In an effort to help Dale with the expenses she will incur, we, as members of the Orlando Area Knitters and Spinners, have started a fundraiser. Beginning July 3, 2006 through August 2, 2006 , a knitting or spinning related prize will be offered on our blog: http://chip-n– The day after the fundraiser closes, those who have made a donation will be eligible to win those daily prizes. For every $5 (US) donated, you will be eligible for one chance at terrific prizes! The first name drawn will receive the prize from Day 1, etc. Please check the blog daily for a picture and description of the prize offered and to check the daily tally!

When Dale is released from the hospital, a gift basket chock full of socks, hats and slippers knit with prayers and good wishes from the Orlando Area Knitters and Spinners, along with the Pay Pal check card, will be sent to her in Houston.

The knitting community is a giving one; a perk of their generosity, is the prizes.

Thank you.

Jackie & Janette

All I can say is that if I was ever to move to the Orlando area, I’d want to hang out with the Orlando Area Knitters and Spinners — what a caring group of friends they are.

If you would like to donate, there is a paypal button on the Chip-n–for-Dale blog. And I have it on very good authority that the grand prize that will be offered is wicked cool. ๐Ÿ˜‰

Noni Bag Update

I finished knitting my bag on Saturday — here it is in its pre-felted state:


It’s 27 inches long. I like how the end looks:


Post-felting photos tomorrow! Try to contain your excitement!


Can You Stand It?

Can you stand yet another blogger blathering on about the new Knitpicks needles?


If you can’t, you’ll want to skip a bit.

I wasn’t going to get any Knitpicks needles, but a friend got some of the dpns and liked them, so I bought some too, to try them out. I got them in the mail yesterday.

Like others have said, the packaging sucks. The dpns are on a card in a flimsy cellophane sleeve, and the size is marked on the flimsy cellophane sleeve. I like to keep my needles in their original packaging, so my favorite for dpns are nice plastic sleeves, like the ones that the Skacel bamboos come in. This isn’t a huge deal, but it’s annoying. Still, considering the price of these needles, you can’t really expect much in the way of snazzy packaging.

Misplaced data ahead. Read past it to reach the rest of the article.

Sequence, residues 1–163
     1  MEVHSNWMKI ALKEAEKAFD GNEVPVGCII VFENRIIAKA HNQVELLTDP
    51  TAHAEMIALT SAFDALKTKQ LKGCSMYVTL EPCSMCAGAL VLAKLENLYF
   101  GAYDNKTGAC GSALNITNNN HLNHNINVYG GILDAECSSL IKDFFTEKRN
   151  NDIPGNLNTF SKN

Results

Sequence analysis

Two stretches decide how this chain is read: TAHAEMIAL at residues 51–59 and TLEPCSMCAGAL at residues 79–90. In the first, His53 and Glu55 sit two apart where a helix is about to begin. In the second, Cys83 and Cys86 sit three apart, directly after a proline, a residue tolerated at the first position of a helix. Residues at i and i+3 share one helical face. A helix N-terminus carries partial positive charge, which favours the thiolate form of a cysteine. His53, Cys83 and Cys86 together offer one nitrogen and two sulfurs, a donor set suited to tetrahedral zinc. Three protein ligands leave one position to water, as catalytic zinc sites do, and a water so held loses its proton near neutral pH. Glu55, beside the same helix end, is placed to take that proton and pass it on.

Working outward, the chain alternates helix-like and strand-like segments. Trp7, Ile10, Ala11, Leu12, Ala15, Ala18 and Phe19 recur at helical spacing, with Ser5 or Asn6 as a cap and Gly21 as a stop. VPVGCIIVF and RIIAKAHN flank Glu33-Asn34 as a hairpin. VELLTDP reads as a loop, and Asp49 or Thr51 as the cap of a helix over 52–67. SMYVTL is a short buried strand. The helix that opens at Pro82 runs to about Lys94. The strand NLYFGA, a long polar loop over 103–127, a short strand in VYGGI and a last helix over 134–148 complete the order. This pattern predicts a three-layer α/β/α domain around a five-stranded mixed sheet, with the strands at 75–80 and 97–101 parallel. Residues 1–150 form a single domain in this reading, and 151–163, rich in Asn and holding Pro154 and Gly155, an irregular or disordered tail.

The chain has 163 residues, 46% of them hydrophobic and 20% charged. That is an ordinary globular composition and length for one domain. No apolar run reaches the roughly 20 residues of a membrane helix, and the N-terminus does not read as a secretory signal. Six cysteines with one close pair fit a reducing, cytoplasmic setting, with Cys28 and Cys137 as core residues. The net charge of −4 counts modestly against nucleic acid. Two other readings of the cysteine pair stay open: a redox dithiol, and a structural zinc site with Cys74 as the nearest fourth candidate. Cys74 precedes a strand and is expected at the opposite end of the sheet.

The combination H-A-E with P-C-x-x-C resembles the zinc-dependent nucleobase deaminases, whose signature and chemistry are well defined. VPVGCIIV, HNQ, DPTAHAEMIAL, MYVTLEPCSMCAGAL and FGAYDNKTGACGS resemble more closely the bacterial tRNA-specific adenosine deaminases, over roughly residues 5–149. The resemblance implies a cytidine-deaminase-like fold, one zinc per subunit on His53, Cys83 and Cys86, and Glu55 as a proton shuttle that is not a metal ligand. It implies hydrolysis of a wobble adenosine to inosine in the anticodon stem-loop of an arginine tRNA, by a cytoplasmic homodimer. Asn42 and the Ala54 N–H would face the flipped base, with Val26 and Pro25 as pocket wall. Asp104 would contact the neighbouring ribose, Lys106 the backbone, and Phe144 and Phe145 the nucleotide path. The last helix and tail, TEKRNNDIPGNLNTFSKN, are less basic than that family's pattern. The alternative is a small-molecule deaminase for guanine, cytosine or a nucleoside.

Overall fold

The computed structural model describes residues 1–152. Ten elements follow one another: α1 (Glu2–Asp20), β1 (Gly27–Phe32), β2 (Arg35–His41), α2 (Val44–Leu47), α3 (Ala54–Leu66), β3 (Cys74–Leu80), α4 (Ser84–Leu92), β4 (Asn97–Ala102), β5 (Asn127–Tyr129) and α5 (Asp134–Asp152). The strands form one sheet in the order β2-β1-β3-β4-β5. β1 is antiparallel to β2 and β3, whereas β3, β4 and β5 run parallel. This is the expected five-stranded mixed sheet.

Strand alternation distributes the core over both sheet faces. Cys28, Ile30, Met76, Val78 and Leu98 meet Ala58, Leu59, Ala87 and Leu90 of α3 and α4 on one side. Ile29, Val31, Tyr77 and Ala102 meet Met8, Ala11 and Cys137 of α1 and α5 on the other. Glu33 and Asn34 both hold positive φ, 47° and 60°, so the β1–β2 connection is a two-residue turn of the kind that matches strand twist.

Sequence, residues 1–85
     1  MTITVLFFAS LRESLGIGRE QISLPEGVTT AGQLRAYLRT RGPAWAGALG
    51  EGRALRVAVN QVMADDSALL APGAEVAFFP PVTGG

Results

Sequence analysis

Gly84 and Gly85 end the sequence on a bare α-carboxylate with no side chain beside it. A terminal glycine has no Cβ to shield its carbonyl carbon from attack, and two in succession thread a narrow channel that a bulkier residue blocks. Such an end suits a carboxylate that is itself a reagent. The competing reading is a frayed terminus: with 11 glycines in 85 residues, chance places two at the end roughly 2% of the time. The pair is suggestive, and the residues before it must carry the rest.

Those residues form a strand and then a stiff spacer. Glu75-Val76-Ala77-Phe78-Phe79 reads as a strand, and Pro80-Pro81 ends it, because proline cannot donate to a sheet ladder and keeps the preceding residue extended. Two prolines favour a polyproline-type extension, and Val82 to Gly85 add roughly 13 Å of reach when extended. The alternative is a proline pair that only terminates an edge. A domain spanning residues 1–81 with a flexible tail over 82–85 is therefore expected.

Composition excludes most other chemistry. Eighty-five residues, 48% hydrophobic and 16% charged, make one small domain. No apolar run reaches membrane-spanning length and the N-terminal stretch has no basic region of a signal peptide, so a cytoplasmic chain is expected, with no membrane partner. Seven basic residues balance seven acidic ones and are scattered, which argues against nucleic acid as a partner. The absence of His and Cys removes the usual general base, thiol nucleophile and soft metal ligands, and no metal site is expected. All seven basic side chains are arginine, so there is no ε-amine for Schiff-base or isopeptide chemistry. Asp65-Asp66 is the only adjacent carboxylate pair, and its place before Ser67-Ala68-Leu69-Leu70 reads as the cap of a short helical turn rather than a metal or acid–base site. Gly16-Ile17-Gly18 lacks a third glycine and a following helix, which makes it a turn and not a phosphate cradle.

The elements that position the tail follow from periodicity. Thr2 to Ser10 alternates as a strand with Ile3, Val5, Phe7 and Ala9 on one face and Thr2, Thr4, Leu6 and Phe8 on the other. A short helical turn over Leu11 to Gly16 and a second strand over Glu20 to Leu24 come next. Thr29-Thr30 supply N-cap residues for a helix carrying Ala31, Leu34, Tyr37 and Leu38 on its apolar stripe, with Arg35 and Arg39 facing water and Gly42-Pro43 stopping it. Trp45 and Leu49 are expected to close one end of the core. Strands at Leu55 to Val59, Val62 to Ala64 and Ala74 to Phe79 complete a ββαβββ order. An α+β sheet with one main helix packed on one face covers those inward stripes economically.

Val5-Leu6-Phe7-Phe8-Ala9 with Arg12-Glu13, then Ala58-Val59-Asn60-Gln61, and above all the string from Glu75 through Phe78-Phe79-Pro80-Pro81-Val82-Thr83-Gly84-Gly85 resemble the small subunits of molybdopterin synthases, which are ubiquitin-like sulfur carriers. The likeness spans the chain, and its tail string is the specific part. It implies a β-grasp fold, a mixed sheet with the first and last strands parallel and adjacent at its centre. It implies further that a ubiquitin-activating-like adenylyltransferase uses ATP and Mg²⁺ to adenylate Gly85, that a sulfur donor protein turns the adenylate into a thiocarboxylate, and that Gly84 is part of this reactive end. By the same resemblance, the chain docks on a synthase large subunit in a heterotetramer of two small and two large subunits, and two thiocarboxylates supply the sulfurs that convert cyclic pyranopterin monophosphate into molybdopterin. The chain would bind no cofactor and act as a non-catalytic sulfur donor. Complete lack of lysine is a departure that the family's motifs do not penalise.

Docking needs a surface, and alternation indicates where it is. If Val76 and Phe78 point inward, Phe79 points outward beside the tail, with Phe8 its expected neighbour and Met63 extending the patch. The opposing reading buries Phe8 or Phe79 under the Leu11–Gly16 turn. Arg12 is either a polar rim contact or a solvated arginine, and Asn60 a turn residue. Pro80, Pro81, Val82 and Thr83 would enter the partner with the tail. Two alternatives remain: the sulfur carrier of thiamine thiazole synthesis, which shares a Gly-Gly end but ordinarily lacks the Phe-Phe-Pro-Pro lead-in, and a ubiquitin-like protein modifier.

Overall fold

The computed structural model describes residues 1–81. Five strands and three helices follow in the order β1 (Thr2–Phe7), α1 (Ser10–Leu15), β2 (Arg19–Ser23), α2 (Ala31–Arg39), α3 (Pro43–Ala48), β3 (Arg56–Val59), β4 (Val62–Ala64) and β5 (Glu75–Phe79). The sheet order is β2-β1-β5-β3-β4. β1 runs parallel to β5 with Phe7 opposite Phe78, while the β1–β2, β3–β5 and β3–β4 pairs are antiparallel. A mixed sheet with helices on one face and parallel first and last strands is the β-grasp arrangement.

The needles themselves are nice. Good points, very smooth. Here’s a comparison photo for you.


Which needle is which? I’ll give you a hint: the top one is the Knitpicks needle. Can you guess the rest of them?

If you think you know which needle is which, send me your answer in an email:

1. List the needles in order, from top to bottom.

2. Send me your answer by noon, ET, Sunday, July 23, 2006.

3. Only one email per person.

4. Email your guess to: blogcontestATcomcastDOTnet

Here’s another hint: the needles pictured are the Knitpicks needle, a Pony, a Brittany, a Skacel bamboo, a Regia, a Skacel metal, an Inox, and a Colonial.

Whoever guesses which needle is which will win a nice yarn prize.


I knit the toe of my second Schaeffer Anne sock with the Knitpicks dpns in size 0 (2mm). Then I switched back to Skacel bamboos.


The good thing about knitting socks with metal needles? You are not going to snap them. But the bad thing, for me anyway, is that they are too darn slippery. As I was knitting with them, I’d find the needle would slip out of the stitches when I had just a couple left on the needle. Because my socks go on my commute with me and I knit while waiting on a subway platform, I can’t have my needles escaping like that. (Raye, was it you who told me that the track system for the NYC subway is paved with your lost DPNS?) So I won’t be using these for socks.

I did order a couple of circulars in smaller sizes (but not the Options kit). I’ve not gotten them yet, but I’ll be interested to see what the joins are like. If they are good, I might like ’em for lace knitting.

Speaking of socks, Anne asked:
I have a question for you about knitting socks in general. I just started my first pair a la “Wendy’s generic toe up pattern” and I’m noticing a very slight crease forming at the change-of-needles sections. Am I pulling too tightly? Not tight enough? I rarely work on dpns – I usually opt for two circs when knitting sleeves, etc. in the round and haven’t noticed this peculiarity before. Thanks for any advice you may have!

And later in the comments, kmk offered this solution:
For Anne/ewelittledickens with the crease problem in her socks on dpns: I avoid that by, when I come to the end of a needle, instead of using the needle I just freed up to work the stitches on the next needle, I work the next couple stitches onto that same needle I just used before I start using the needle I just freed up. Did that make sense? If not, Wendy can surely explain it better. What it does it move the boundary between the needles slowly around the sock instead of in a perfect vertical column that can crease.

It makes sense to me. ๐Ÿ™‚

Can You Block It?

Julie asked:
How important is sock-blocking? I’ve blocked lace, and a sweater, and the odd scarf, but socks never struck me as needing it so much. But the sock-blockers are pretty cool.

Me? I don’t block socks. Ever. I bought the sock blockers simply because they display the socks nicely for photographing. I like to keep photos of all my knitting projects, and the sock blockers will result in better sock photos.

Can You Handle It?